Mirvac has opened an estimated $5.1 million of new parkland to the public as part of its Everleigh masterplanned community in Greenbank. The new park space includes 1.5 hectares of recreation parkland – equal to the size of three football fields – including an events space and junior playground.
An additional 8000 square metres of linear park provides a strong pedestrian and cycle link along a ‘green spine’ between the new recreation parkland and the Greenbank Shopping Centre. The parkland is the first stage of more than 120 hectares – more than 25 per cent of the total site – which will be dedicated as public open space as part of the residential community. The delivery of the $5.1 million public parkland is also just a small part of the forecast $130 million Mirvac will contribute to community infrastructure networks, including public open space, road and transport infrastructure, and water and sewer infrastructure.
Mirvac Queensland Residential General Manager Warwick Bible said the new parkland was for both residents of Everleigh and the broader Greenbank community to enjoy. “Everleigh will have a strong focus on open space and community – and this first stage of parkland is designed to embrace both,” he said. “We see the event space as a fantastic amenity for those who call Everleigh home and a central meeting point for the wider area, and already have plans underway for a regular calendar of social gatherings, along with larger-scale community events.
“In designing the parkland for Everleigh, and the timeline for its delivery, we carefully considered what was available in the Greenbank area already and how we could complement that. I have no doubt the new event space, children’s playground and path and bikeways will become a place the whole community can enjoy. We are excited about welcoming the community to enjoy this new asset for the area.”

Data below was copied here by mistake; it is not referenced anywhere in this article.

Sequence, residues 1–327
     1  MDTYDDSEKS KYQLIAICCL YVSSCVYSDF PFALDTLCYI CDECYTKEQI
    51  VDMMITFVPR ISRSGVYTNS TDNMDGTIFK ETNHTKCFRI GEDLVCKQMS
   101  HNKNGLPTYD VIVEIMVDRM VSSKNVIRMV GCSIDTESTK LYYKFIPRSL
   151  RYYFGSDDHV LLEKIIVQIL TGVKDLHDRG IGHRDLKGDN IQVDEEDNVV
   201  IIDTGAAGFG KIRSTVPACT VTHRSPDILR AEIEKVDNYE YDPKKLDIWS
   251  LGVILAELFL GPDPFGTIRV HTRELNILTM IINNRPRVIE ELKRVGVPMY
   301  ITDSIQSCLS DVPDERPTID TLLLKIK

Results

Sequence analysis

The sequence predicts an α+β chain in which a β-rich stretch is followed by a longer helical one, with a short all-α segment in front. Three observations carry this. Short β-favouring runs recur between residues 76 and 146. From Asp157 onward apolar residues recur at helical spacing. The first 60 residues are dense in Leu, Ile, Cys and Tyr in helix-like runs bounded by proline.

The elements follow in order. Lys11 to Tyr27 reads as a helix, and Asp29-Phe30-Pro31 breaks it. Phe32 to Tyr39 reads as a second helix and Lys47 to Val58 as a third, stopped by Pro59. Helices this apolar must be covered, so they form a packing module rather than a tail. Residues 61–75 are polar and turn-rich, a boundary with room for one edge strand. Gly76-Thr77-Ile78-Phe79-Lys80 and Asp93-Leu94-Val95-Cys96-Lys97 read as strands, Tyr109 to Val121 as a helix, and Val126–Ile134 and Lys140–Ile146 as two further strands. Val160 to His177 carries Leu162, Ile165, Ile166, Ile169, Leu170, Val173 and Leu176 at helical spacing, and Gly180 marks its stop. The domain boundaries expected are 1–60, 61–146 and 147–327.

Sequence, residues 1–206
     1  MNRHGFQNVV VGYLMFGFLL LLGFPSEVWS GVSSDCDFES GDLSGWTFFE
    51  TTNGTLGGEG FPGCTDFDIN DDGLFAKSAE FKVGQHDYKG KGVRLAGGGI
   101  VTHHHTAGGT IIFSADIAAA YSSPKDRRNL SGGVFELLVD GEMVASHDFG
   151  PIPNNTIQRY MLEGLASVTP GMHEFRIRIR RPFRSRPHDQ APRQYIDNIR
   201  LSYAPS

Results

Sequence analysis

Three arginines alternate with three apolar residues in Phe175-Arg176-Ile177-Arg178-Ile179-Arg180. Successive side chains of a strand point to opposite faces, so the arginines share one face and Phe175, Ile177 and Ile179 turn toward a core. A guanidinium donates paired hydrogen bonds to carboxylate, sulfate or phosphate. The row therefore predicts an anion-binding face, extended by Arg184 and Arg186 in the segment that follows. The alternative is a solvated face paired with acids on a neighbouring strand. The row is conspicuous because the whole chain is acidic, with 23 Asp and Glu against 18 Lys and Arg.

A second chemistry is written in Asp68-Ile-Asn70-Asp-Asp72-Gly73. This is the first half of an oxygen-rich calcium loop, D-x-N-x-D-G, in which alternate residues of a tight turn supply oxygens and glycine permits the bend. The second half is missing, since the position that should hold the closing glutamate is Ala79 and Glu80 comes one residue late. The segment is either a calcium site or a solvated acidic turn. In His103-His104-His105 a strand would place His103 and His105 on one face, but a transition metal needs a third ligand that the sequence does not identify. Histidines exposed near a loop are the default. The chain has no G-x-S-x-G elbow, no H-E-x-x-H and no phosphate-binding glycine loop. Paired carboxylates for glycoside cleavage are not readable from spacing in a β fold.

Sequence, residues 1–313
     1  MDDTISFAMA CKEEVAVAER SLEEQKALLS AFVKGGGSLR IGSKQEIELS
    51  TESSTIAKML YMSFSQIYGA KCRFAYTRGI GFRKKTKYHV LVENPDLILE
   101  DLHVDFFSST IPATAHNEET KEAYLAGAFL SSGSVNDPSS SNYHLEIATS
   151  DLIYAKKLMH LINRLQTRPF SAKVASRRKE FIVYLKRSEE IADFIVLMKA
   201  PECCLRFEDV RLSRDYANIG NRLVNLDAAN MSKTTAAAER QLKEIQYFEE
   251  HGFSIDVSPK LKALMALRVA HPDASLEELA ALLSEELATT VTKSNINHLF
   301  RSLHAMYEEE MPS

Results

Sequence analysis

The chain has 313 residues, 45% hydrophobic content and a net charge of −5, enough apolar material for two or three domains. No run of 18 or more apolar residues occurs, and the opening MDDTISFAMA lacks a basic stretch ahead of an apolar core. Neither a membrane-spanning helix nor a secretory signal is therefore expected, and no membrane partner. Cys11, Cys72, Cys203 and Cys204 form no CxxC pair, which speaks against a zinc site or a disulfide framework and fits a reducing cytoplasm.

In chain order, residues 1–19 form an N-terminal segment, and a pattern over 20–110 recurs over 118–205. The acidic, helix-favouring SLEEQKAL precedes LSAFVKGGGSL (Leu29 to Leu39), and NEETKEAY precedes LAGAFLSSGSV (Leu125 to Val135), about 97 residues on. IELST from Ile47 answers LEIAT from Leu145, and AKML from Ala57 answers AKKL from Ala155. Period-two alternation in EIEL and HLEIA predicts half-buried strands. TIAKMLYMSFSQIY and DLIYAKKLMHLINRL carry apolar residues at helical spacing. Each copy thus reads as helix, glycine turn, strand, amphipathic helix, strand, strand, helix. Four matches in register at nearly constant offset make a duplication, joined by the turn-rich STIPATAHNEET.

Managing Director of Form Landscape Architects Matt Franzmann, which has designed the new park, said the first stage creates a unique identity for the new Everleigh community. “The ‘green spine’ linear park creates a strong visual link from the entry through to the heart of the community, with the first stage primarily presenting the green common, which is specifically designed as a place for community gatherings and events,” he said. “We’ve also incorporated a playground for toddlers and young children, with play opportunities like swings and slides, sculptural elements, climbing nets and forts, as well as barbeque facilities and picnic shelters, all nestled alongside a rocky creek bed. As the project continues to roll-out we will be building on these recreational opportunities, with the next stage of parkland to include a playground designed specifically for older children to complement the amenity delivered in this first phase. Ultimately, the green spaces will all link together with over 13 kilometres of walking trails and bike tracks.”
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